Welcome to "Sharkcano" -- where sharks can hang out in the hellish spew from an active volcano crater.
It's possible that the sharknado franchise's twisted minds have discovered a new source of mutated-shark ideas. This scene, however, is not like their small-screen counterparts. It comes from deep below the ocean's surface.
Kavachi's latest eruption, one of the Pacific's most active submarine volcanoes, has brought the geological phenomenon back to researchers' radar. This includes clearer than ever views from the top of the enormous underwater plume. NASA's Operational Land Imager telescopes orbiting two satellites captured the new imagery. But what's more alarming is the discovery of two shark species that live within the volcano's sulfur-saturated calder.
The volcano has been known to scientists since the 1930s, and to local residents in the Solomon Islands for many years before that. It is also known for its long-term eruptions which create an ecological zone that is unique within its reach. Following an eruption in 2014, scientists discovered that both the scalloped and silky hammerhead sharks were found in this area. Scientists began to wonder how they would survive in such harsh conditions.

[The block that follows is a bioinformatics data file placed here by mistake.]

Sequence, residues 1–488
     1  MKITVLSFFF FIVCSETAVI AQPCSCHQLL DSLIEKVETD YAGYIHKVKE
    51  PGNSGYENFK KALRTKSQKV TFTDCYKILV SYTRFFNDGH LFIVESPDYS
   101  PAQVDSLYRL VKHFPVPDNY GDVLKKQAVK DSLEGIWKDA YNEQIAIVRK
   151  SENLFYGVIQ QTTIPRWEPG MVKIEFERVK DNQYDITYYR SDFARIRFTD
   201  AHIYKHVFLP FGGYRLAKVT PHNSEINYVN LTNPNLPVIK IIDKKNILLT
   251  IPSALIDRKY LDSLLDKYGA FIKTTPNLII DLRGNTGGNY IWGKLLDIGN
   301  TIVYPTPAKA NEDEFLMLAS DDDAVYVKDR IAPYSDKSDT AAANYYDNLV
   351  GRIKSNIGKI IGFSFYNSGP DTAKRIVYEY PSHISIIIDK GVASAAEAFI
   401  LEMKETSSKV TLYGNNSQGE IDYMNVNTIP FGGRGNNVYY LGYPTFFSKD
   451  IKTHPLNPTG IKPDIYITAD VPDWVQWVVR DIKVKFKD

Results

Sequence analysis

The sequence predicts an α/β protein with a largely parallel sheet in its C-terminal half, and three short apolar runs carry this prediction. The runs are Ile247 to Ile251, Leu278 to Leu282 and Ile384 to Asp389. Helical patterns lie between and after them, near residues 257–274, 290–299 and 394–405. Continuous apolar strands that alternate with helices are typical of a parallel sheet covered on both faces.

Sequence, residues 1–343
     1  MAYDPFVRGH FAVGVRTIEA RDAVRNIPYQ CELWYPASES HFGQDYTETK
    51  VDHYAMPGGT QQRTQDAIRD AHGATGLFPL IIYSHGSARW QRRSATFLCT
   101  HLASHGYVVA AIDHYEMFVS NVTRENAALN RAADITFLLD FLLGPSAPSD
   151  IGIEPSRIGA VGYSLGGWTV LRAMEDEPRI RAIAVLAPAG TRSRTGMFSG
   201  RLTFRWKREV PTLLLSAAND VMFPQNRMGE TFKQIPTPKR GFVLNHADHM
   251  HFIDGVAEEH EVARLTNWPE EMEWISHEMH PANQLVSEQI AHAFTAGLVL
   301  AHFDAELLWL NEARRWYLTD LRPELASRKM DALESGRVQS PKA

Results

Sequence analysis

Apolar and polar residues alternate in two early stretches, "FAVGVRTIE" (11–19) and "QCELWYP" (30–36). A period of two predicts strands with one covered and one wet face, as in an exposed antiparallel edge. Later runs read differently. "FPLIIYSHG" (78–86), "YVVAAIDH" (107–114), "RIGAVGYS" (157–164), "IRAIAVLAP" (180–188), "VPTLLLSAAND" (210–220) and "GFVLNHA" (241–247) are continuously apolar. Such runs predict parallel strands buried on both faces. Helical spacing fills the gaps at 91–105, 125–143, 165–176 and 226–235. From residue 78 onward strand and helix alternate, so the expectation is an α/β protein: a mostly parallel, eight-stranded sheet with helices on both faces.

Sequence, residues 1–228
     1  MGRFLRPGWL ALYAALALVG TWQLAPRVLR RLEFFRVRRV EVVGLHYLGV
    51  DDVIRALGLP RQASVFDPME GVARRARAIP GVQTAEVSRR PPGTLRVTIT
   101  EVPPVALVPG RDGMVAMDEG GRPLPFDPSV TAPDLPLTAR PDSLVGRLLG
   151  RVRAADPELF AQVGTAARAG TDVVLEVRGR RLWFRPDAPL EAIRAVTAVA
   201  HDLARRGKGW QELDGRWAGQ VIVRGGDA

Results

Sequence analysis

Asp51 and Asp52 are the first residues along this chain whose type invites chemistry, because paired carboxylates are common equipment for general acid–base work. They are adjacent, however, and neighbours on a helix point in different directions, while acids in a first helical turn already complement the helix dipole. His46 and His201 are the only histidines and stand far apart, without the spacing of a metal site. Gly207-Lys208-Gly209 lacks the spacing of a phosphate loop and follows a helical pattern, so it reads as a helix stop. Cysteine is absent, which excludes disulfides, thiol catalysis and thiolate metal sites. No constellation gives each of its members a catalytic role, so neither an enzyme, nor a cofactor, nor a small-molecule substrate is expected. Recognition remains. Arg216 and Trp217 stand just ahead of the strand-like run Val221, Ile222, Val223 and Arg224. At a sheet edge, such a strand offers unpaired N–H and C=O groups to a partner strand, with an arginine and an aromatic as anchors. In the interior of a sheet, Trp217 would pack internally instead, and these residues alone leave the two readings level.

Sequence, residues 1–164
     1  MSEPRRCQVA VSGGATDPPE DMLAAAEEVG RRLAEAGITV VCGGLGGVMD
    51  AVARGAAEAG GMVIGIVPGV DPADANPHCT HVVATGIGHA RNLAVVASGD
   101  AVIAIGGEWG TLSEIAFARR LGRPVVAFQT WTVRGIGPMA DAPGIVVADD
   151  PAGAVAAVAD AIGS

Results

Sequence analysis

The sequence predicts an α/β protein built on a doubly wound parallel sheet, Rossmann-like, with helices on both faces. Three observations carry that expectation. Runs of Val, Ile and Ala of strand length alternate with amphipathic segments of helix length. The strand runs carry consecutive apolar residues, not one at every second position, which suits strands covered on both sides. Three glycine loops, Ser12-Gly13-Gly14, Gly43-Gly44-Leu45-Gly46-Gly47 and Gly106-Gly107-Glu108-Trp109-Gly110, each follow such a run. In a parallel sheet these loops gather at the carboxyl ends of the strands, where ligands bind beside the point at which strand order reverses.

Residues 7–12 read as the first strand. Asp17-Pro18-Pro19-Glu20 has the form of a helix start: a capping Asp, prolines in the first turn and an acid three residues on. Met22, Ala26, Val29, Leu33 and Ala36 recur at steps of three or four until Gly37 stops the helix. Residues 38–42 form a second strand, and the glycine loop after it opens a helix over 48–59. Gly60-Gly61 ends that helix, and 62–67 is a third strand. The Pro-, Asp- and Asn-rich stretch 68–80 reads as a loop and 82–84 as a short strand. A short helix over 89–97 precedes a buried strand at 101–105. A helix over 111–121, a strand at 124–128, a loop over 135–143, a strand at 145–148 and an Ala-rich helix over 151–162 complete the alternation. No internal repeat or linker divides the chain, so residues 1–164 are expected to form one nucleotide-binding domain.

The uncanny ability of sharks to take extra-spicy acid baths sounds like science fiction. Observers also thought so. In a paper that marvels at the creatures' ability to live in a volcano crater, they unofficially named their habitat the "Sharkcano".
"Populations a gelatinous animal, small fish and sharks were seen inside the active crater raising new questions about ecology of active submarine volcanices and extreme environments in which large marine mammals can survive," the group wrote in 2016 in "Exploring The 'Sharkcano": Biogeochemical Observations on the Kavachi Submarine Volcano, (Solomon Islands).
The team continues to question whether animals have a "special tolerance for hot or acidic water," which might allow them to "survive human-induced changes in ocean chemistry and periods when submarine volcanism is increased globally."
We've seen the movies and we believe that the sharks will be able to take a lot - even if it means they must mutate.
We're not sure if Tara Reid and Ian Ziering have the resources to revive this hilarious franchise, which officially ended with SYFY’s 2018 Sharknado swan song. If they did decide to reunite the gang for another beach patrol they would find plenty of sci-fi material deep within the Kavachi trenches...where the real sharks don't wait for screenwriters.